Thursday, July 23, 2009

Gates (Pt. 3)

The good news for the President in this Gates business is that, with the speed of today's news cycle, you'll probably have a mini-firestorm for a few days and then things will blow over. The bad news is everything else. While Obama is wisely in backpedaling mode, sending Gibbs out to assure that Obama doesn't think the arresting officer is stupid, and believes there's blame on "both sides" (can't wait to see the "Obama Sold Gates Out" pieces that one will generate), others aren't being so circumspect. I just turned on CNN and who did I see but Michael Eric Dyson in typical Dyson bullshit mode, saying that Gates got arrested because the officer in question could not take being confronted by an "articulate black man," and darkly warning that if Gates hadn't been able to rely on his status as professor at Harvard, "that august institution" (save us the pseudo-erudition), things might have been even worse. Are you a mind-reader, Michael Eric? Were you there? No? This is so reminiscent of the lacrosse affair at my alma mater, when Professor Houston Baker, a quite distinguished scholar of African-American literature, wrote a letter professing total agnosticism as to what actually happened but proceeded to claim that the stripper had been "injured for life" by the "violence and raucous witness" of the "young, white, violent drunken men" on the lacrosse team, and expressed worry as to whether the stripper would "ever sleep well again," all concluding in a demand that the entire team be expelled from the school, as they were "responsible for the horrors of this spring moment." Even after the charges got dropped and Baker was asked by one of the mothers of the accused if he would recant his labeling of her son as a young, violent white drunken man, he refused, calling her "a mother of a farm animal." Ugh. Anyway, it now hilariously comes out that the arresting officer...

has taught a racial profiling class at the Lowell Police Academy for five years.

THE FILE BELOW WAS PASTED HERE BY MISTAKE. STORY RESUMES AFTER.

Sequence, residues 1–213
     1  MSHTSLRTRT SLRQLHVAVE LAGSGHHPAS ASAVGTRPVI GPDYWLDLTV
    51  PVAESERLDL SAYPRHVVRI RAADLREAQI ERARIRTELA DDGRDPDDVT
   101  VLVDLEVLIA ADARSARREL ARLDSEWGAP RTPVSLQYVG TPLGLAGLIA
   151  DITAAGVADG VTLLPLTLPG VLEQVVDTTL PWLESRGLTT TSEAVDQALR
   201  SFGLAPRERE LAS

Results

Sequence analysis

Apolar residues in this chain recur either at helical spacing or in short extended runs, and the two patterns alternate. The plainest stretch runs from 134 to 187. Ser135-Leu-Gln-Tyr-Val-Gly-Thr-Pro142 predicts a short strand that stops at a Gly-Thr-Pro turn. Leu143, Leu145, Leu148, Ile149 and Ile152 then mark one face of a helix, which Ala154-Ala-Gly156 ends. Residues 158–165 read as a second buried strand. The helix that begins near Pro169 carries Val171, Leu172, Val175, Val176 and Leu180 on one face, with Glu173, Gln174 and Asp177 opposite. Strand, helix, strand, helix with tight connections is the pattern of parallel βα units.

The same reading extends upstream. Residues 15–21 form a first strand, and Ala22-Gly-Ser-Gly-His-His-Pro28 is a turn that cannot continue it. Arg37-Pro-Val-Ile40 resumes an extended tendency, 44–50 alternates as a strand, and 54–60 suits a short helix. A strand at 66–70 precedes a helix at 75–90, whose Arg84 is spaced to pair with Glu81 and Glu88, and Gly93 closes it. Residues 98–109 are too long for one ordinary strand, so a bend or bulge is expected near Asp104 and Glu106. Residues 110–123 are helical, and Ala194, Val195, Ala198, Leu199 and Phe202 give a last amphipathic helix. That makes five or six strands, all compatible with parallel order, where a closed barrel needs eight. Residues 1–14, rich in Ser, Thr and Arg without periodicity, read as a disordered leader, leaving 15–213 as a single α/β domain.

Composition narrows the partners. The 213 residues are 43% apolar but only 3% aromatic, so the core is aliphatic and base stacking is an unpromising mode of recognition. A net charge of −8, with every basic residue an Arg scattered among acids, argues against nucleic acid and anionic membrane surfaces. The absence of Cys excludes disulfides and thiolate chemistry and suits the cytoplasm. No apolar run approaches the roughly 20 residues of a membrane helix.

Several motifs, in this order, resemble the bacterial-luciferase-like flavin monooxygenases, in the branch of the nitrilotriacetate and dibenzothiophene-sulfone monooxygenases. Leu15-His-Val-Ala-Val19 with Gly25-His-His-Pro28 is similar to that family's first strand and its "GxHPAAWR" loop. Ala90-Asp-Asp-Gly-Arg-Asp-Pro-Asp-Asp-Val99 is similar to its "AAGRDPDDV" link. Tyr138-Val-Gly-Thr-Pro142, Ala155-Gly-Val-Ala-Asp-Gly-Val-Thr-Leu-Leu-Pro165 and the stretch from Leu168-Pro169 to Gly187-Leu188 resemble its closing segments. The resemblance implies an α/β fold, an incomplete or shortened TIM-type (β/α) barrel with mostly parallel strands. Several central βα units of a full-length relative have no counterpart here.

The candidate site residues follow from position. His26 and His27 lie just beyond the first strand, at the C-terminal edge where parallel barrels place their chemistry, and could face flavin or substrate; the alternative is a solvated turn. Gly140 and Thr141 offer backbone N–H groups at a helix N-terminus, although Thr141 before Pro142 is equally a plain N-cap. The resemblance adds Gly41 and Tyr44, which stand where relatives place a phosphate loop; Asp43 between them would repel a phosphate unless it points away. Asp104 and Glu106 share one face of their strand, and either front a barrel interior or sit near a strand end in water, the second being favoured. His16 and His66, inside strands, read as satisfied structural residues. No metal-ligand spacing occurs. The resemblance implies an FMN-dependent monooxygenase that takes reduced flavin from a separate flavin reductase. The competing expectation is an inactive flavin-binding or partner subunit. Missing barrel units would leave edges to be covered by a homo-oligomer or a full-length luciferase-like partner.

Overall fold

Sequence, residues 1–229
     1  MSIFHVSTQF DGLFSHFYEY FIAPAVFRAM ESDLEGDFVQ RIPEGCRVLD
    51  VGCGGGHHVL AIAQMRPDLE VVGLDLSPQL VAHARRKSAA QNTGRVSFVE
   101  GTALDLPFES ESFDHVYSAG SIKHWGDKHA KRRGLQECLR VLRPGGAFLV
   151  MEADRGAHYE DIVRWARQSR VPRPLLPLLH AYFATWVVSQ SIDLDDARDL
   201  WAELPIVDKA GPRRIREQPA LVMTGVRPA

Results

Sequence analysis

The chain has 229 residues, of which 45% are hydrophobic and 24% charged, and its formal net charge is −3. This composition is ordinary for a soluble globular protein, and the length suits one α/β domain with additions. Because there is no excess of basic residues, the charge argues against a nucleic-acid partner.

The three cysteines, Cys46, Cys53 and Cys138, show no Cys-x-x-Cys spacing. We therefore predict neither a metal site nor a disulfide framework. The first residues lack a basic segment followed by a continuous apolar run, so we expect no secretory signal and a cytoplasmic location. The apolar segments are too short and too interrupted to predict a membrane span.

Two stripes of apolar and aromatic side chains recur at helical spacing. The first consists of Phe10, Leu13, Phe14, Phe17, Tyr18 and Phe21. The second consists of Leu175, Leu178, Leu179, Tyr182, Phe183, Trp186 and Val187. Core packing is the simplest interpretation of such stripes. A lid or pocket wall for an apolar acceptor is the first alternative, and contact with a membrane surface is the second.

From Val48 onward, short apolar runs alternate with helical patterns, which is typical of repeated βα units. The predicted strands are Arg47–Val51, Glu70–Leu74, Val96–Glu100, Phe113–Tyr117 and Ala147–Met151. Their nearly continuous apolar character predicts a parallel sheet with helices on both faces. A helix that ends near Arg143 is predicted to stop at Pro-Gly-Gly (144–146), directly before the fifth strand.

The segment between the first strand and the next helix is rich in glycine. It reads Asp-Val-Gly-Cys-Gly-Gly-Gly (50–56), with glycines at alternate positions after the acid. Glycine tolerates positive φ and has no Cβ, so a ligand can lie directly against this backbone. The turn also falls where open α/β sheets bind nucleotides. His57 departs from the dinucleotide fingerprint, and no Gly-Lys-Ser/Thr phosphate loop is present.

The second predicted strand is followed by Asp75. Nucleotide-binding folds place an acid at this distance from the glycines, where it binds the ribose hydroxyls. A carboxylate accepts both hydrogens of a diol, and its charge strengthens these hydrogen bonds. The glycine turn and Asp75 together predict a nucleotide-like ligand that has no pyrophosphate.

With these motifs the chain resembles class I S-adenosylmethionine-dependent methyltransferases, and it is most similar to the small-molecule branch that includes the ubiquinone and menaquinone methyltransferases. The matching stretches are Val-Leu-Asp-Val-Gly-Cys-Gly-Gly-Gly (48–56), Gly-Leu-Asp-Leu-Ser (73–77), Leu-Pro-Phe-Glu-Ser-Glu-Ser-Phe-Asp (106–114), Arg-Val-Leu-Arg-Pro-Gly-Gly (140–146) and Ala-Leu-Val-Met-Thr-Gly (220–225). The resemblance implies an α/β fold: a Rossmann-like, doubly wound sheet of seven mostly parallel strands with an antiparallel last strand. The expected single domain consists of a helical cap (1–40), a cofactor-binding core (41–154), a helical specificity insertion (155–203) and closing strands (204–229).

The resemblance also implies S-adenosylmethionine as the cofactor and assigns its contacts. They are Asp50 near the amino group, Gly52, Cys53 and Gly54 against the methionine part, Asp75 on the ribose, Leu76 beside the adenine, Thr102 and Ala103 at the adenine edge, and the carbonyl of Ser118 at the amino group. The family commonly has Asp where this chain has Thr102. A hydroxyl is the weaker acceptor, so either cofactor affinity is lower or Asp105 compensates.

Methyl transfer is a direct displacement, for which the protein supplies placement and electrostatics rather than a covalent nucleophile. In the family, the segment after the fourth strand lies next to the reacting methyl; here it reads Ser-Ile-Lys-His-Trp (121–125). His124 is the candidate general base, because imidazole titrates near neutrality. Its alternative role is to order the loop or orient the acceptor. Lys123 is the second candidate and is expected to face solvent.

His academy class, which he teaches with a black police officer, instructs about 60 police cadets per year who spend 12 hours in the classroom, said Lowell Police Academy Director Thomas Fleming.

“He’s a very professional police officer and he’s a good role model,” Fleming said. “Former police commissioner Ronny Watson, who is a person of color, hand-picked Sgt. Crowley. ... I presume because he would be the most qualified and most professional. He’s a very good instructor. He gets very high reviews by the students.”

Fleming said the course meets four times, for three hours a session. The students go through written material, then watch videos that portray scenarios a police officer may encounter. The videos are then discussed in class.

“He’ll have the students talk about how the different situations should be handled,” Fleming said. “I think he does a great job.”

Lawrence Hickman, a black Boston police officer who also teaches at the academy, said he’s worked alongside Crowley for years now and has nothing but the highest respect for him.

“He’s well versed in the subject matter he taught,” Hickman said. “He is the right instructor for the subject material ... I’m an African-American police officer, If there were any issues or if I thought he was biased, I would have addressed that. We all do the same job and we all know how things get spun out. The bottom line is he was there answering a call for help, he responded as a professional police officer.”

And Crowley himself spoke today, reiterating what he wrote in his report and defending the arrest:

"Mr. Gates was given plenty of opportunities to stop what he was doing. He didn't. He acted very irrational. He controlled the outcome of that event," Crowley told WBZ.

Crowley said Gates, the director of Harvard's W.E.B. Du Bois Institute for African and African-American Research and former host of the PBS show "African American Lives," called him a "racist cop."

"There was a lot of yelling, there was references to my mother," he added, "something you wouldn't expect from anybody that should be grateful that you were there investigating a report of a crime in progress, let alone a Harvard University professor."


The video of his interview is here.

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